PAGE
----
Comparative Developmental Biology


Nemertean pillidium meets brachiopod larva.

Hejnol Group "Comparative Developmental Biology of Animals"

Our group studies a broad range of animal taxa using morphological, molecular and genomic tools to understand the evolution and development of animal organ systems.

Life evolved in the sea and also main animal lineages originated in the oceans. The study of marine animals thus provides a fascinating resource to understand in depth the origin of major animal organs systems before they diversified into highly specialised organs found in terrestrial animals including humans. The improved resolution in the animal tree and advancements in technology such as novel sequencing, microcopy and molecular tools allow to investigate a much broader number of marine animals and their embryos than ever before. This opens the opportunity to strategically sample many species to test previous hypotheses and develop new ones. Genomic changes can be now correlated with evolutionary changes in morphology providing to ask novel questions. 

Our group studies a broad range of animal taxa using morphological and molecular tools to unravel the evolution and development of animal organ systems.

To understand the evolution of the biodiversity seen on planet earth is one of the major goals in biology. How animals explored new habitats from only being confined to the marine environment and the how the forms diversified is still one of the most tremendous questions to be answered.

In the “genomic age” with its novel and advanced molecular tools one is able to study the connection between the genotype and the phenotype and how the interaction of genes and cells lead to the formation of a fertile adult, that is able to reproduce and thus assure the survival of its species. The “translation” of the genomic information into a living individual is realized during the process of development. Studying the development of an organism in which a single fertilized cell gives rise to a complex animal is not only fascinating, but is also one of the key processes to study to understand the evolution of animal diversity.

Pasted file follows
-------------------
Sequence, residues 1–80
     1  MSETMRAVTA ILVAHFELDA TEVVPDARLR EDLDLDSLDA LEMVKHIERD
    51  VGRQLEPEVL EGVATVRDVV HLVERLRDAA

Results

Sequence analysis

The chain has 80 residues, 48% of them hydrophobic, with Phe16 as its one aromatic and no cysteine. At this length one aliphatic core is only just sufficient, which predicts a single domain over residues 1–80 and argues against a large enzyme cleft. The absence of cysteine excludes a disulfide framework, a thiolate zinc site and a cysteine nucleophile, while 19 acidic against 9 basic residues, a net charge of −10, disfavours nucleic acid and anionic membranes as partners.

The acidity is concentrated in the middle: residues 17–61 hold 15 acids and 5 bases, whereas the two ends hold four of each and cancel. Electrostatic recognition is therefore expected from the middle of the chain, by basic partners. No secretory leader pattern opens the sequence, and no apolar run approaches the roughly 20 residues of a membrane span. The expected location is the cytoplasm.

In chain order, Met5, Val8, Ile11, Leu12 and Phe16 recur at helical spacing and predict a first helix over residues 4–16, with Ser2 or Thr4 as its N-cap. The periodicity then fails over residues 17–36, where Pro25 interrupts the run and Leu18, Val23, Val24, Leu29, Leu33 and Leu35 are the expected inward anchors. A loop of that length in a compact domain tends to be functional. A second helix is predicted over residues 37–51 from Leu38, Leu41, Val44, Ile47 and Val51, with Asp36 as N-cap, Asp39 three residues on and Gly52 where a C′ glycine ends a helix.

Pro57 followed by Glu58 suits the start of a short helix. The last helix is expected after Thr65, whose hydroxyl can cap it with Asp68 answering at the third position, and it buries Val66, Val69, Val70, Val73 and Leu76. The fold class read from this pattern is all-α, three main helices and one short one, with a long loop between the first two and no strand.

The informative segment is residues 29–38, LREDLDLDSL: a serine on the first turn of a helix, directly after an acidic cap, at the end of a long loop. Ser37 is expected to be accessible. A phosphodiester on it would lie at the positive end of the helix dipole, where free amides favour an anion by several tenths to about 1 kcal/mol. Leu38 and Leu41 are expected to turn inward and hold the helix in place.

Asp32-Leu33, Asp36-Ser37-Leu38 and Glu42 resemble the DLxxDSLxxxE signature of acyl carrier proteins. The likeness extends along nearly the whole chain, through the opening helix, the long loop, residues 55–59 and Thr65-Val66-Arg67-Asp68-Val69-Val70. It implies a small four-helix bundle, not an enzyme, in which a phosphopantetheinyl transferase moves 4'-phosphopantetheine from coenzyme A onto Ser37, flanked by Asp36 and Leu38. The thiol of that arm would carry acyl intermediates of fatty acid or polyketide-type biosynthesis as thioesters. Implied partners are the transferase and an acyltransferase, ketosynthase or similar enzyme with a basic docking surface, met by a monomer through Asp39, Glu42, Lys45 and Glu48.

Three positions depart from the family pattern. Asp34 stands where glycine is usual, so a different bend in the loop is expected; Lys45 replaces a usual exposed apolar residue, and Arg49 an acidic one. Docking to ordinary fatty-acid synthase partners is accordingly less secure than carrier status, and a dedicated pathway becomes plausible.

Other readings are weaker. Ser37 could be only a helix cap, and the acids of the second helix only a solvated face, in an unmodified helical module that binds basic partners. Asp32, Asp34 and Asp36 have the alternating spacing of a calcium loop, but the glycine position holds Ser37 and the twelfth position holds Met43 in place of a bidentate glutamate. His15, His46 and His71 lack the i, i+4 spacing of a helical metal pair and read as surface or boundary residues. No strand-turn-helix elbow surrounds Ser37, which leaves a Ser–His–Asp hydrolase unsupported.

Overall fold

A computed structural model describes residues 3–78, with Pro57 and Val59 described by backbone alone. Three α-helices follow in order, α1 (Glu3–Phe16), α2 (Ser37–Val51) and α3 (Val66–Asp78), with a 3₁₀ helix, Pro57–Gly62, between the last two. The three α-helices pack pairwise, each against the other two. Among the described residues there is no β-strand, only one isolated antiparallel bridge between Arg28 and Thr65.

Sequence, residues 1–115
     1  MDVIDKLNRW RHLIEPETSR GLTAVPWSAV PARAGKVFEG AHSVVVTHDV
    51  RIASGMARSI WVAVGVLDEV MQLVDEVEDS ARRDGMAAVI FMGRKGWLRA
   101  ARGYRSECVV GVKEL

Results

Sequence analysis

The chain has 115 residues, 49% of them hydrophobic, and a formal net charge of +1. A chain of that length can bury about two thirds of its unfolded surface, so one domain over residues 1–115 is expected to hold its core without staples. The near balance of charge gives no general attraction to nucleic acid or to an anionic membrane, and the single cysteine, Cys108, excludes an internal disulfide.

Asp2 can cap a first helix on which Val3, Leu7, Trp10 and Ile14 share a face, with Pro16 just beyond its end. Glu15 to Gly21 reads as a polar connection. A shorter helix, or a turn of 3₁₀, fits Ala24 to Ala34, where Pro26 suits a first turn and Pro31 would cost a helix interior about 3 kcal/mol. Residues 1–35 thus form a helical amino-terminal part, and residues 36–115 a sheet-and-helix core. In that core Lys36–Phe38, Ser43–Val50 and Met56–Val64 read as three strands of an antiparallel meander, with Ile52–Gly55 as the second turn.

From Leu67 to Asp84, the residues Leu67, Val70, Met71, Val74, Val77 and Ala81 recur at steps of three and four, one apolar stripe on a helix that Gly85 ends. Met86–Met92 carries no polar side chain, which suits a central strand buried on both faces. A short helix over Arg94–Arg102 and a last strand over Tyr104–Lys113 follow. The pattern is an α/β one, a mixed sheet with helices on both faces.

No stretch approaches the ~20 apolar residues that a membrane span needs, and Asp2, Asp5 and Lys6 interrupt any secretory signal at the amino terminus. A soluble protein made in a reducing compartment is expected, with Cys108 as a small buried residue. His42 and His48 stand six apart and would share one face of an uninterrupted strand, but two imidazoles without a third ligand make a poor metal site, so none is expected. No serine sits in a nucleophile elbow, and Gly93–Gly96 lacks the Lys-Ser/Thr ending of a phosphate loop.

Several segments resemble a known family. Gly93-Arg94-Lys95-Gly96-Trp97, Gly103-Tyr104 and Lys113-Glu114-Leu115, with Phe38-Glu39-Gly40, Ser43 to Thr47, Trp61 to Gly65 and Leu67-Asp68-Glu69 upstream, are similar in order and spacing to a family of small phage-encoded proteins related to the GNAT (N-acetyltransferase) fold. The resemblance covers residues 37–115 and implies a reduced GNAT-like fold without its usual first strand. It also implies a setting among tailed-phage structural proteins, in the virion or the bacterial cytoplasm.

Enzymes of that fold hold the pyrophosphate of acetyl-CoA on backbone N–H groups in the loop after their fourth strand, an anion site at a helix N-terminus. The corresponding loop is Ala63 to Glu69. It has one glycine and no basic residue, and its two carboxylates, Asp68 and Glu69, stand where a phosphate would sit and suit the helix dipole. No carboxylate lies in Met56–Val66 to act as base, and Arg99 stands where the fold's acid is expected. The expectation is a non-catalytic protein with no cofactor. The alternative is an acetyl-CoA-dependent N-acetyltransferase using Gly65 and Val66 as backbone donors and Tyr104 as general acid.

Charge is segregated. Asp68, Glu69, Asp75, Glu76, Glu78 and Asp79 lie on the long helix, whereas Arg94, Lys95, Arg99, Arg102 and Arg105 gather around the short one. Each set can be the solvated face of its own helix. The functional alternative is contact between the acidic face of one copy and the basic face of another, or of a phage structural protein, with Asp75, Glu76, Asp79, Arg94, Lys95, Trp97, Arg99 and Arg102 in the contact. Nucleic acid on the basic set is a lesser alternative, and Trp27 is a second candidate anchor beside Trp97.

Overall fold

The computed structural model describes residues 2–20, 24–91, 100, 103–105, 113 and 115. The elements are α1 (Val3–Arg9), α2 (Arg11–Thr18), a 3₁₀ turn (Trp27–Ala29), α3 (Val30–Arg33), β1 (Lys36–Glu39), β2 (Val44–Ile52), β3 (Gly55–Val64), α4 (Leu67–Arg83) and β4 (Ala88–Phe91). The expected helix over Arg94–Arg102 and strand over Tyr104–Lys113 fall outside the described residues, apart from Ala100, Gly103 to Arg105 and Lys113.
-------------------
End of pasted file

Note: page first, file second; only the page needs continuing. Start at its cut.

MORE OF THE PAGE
To understand the evolution of animal diversity one has to study the development of a broad range of diverse animal groups using the comparative approach. Our team applies modern descriptive and molecular techniques to gain this information from a broad range of animal taxa using animals that can be kept in the laboratory but also collected from the local marine biota.

Beside established morphological methods like confocal microscopy we are using 3D timelapse microscopy (4D-microscopy) and single blastomere injections of cell tracers to study the cell lineage of embryos of mainly marine invertebrates.

Molecular approaches include the study of gene expression patterns and experimental methods to unravel the genetic framework underlying the formation of different organ systems, such as the CNS, the alimentary canal and other organs. Large scale sequencing approaches are used for gene discovery and are also used for the phylogenetic placement of the specific species.

The research focus on the description of the development regarding cell lineage and gene expression includes understudied taxa such as local bryozoans, brachiopods, nematomorphs, aplacophoran molluscs, platyhelminthes, priapulids, polyclad flatworms etc.

Molecular functional approaches are used to study the development of acoels, rotifers and gastrotrichs.

Further collaborative approaches address the use phylogenomics to resolve metazoan phylogeny.


The return of the flatworm

Where does the acoel flatworm belong in the tree of life? Biologists have discussed this question for the last 20 years. Now Andreas Hejnol and his colleagues at the Sars Centre believe they have found the answer. The results are published in Nature.


Discovering the origin of the mouth and anus

The mouth and anus are not connected in the development of the embryo as earlier thought, shows a ground-breaking study from the Sars Centre, published in Nature Ecology and Evolution.